Cost-effectiveness of Campylobacter interventions on broiler farms in six European countries

C.P.A. van Wagenberg, P.L.M. van Horne, Helle Mølgaard Sommer, Maarten Nauta

Research output: Contribution to journalJournal articleResearchpeer-review

Abstract

Broilers are an important reservoir for human Campylobacter infections, one of the leading causes of acute diarrheal disease in humans worldwide. Therefore, it is relevant to control Campylobacter on broiler farms. This study estimated the cost-effectiveness ratios of eight Campylobacter interventions on broiler farms in six European countries: Denmark, the Netherlands, Norway, Poland, Spain, and United Kingdom. The cost-effectiveness ratio of an intervention was the estimated costs of the intervention divided by the estimated public health benefits due to the intervention, and was expressed in euro per avoided disability-adjusted life year (DALY). Interventions were selected on the basis of a European risk factor study and other risk factor research. A deterministic simulation model was developed to estimate the cost-effectiveness ratio of each intervention, if it would be implemented on all broiler farms in a country where it isn't implemented yet and implementation is possible. The model considered differences between countries in number and size of broiler farms and established practices, in import, export and transit of live broilers, broiler meat and meat products, in effect of interventions on Campylobacter prevalence in broilers, in disease burden of Campylobacter related human illness, in national economic factors, such as interest rate and general cost levels, and in technical and economic farm performance. Across interventions, cost-effectiveness ratios were the lowest for Poland and Spain, and highest for Norway and Denmark. Across countries, applying designated tools for each farm house and building an anteroom with hygiene barrier in each farm house had the lowest cost-effectiveness ratios, whereas a ban on thinning (partial depopulation), slaughter at 35 days, replacing old houses by new houses, and applying drink nipples without cup had the highest. Applying fly screens in Denmark had an intermediate cost-effectiveness ratio. A maximum downtime between flocks of ten days had a negative cost-effectiveness ratio (i.e. revenue) in Poland, a low positive cost-effectiveness ratio in Spain and high positive cost-effectiveness ratios in Denmark, the Netherlands and United Kingdom. Estimated cost-effectiveness ratios of Campylobacter interventions on broiler farms differed substantially between the six countries, but the order of interventions in increasing cost-effectiveness ratio was generally similar across the countries.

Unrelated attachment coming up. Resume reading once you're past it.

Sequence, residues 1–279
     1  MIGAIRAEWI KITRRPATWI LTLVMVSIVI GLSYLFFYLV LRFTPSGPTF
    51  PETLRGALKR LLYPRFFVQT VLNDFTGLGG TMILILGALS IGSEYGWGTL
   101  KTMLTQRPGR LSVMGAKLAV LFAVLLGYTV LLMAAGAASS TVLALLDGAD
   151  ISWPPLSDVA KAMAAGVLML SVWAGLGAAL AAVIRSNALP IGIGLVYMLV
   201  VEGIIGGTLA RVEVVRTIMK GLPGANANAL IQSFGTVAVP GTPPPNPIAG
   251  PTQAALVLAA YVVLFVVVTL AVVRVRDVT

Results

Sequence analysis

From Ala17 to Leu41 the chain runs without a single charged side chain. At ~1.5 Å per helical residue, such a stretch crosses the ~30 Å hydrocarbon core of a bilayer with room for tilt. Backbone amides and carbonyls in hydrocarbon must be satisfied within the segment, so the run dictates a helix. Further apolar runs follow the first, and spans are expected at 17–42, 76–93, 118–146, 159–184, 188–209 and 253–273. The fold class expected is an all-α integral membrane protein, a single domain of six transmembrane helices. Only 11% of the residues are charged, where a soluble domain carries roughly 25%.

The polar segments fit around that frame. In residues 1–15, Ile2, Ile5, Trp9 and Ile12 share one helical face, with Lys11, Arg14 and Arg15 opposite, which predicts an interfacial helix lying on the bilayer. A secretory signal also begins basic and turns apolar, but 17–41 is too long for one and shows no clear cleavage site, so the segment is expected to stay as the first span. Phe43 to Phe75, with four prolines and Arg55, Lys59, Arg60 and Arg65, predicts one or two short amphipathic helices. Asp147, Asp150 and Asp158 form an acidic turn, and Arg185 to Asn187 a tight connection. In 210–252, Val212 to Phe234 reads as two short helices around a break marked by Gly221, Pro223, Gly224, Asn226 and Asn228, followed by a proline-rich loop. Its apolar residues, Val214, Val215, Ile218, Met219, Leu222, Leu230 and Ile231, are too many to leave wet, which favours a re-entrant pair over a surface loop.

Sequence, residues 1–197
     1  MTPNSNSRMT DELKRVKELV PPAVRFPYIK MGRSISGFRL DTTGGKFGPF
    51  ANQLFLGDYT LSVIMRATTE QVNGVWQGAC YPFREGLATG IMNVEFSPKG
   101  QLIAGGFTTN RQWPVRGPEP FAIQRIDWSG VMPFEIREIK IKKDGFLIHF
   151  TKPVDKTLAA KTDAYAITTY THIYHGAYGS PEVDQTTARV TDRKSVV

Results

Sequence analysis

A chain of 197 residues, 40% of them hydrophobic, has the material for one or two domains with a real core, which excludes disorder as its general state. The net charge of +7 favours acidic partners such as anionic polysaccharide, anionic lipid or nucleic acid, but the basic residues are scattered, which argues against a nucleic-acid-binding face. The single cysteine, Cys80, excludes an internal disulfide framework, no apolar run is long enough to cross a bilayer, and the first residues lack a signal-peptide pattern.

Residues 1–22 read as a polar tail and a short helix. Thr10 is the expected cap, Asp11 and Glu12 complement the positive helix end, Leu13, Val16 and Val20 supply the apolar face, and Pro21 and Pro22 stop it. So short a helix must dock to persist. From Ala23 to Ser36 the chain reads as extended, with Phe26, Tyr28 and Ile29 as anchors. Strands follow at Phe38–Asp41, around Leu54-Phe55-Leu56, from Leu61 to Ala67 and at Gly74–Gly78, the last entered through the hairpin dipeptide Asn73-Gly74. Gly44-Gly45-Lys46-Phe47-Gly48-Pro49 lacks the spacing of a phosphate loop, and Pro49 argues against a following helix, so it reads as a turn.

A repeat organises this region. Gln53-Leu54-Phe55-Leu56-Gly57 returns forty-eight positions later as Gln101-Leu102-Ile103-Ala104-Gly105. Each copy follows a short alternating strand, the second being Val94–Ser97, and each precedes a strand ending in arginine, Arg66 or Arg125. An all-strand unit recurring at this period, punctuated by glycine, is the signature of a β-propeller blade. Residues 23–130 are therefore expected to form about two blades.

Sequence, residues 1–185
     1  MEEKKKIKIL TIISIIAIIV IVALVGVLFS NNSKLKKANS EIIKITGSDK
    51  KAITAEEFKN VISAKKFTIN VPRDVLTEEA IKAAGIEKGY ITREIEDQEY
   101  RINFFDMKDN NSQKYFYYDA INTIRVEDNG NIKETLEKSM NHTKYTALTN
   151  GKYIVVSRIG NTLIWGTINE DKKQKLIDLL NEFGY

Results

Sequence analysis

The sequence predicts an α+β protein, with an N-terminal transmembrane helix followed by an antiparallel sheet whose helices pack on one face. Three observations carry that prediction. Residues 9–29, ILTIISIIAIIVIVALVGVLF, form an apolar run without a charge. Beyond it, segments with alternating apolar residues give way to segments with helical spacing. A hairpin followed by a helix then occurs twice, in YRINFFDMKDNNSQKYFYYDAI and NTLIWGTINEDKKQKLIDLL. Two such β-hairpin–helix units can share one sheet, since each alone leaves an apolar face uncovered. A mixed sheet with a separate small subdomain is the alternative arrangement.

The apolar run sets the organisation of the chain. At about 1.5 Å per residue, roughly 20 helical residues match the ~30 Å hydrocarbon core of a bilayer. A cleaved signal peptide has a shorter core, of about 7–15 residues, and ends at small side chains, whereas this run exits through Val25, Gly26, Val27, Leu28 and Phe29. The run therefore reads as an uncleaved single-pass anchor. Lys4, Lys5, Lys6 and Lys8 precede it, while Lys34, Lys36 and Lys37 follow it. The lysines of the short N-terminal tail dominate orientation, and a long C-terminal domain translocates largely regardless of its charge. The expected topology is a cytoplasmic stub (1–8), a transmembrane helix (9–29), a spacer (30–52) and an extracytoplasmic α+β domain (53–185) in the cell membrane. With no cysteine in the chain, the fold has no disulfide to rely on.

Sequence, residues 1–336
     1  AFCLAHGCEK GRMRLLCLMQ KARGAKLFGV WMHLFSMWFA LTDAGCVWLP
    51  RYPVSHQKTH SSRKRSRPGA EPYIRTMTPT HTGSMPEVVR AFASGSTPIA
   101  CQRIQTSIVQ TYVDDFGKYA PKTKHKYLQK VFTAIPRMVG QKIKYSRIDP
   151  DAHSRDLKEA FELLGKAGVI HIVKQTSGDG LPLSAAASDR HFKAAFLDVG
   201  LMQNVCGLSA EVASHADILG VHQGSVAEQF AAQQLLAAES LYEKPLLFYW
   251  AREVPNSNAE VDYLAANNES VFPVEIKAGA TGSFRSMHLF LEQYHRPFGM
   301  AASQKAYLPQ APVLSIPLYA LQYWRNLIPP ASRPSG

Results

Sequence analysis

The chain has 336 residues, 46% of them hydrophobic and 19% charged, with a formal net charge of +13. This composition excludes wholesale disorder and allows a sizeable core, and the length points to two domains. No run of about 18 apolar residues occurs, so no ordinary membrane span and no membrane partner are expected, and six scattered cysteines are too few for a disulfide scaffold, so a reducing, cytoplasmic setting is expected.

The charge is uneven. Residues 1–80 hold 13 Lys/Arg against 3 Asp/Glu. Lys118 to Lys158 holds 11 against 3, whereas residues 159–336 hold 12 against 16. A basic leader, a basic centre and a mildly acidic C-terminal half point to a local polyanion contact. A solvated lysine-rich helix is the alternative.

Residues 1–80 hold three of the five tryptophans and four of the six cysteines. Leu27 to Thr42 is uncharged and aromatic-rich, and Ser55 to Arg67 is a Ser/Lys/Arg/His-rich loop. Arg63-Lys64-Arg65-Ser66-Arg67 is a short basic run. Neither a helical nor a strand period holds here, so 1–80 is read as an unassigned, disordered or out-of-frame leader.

Original languageEnglish
JournalMicrobial Risk Analysis
Volume2-3
Pages (from-to)53-62
Number of pages10
ISSN2352-3522
DOIs
Publication statusPublished - 2016

Keywords

  • Campylobacter
  • Broiler
  • Cost-effectiveness
  • Intervention
  • Farm
  • Europe

Cite this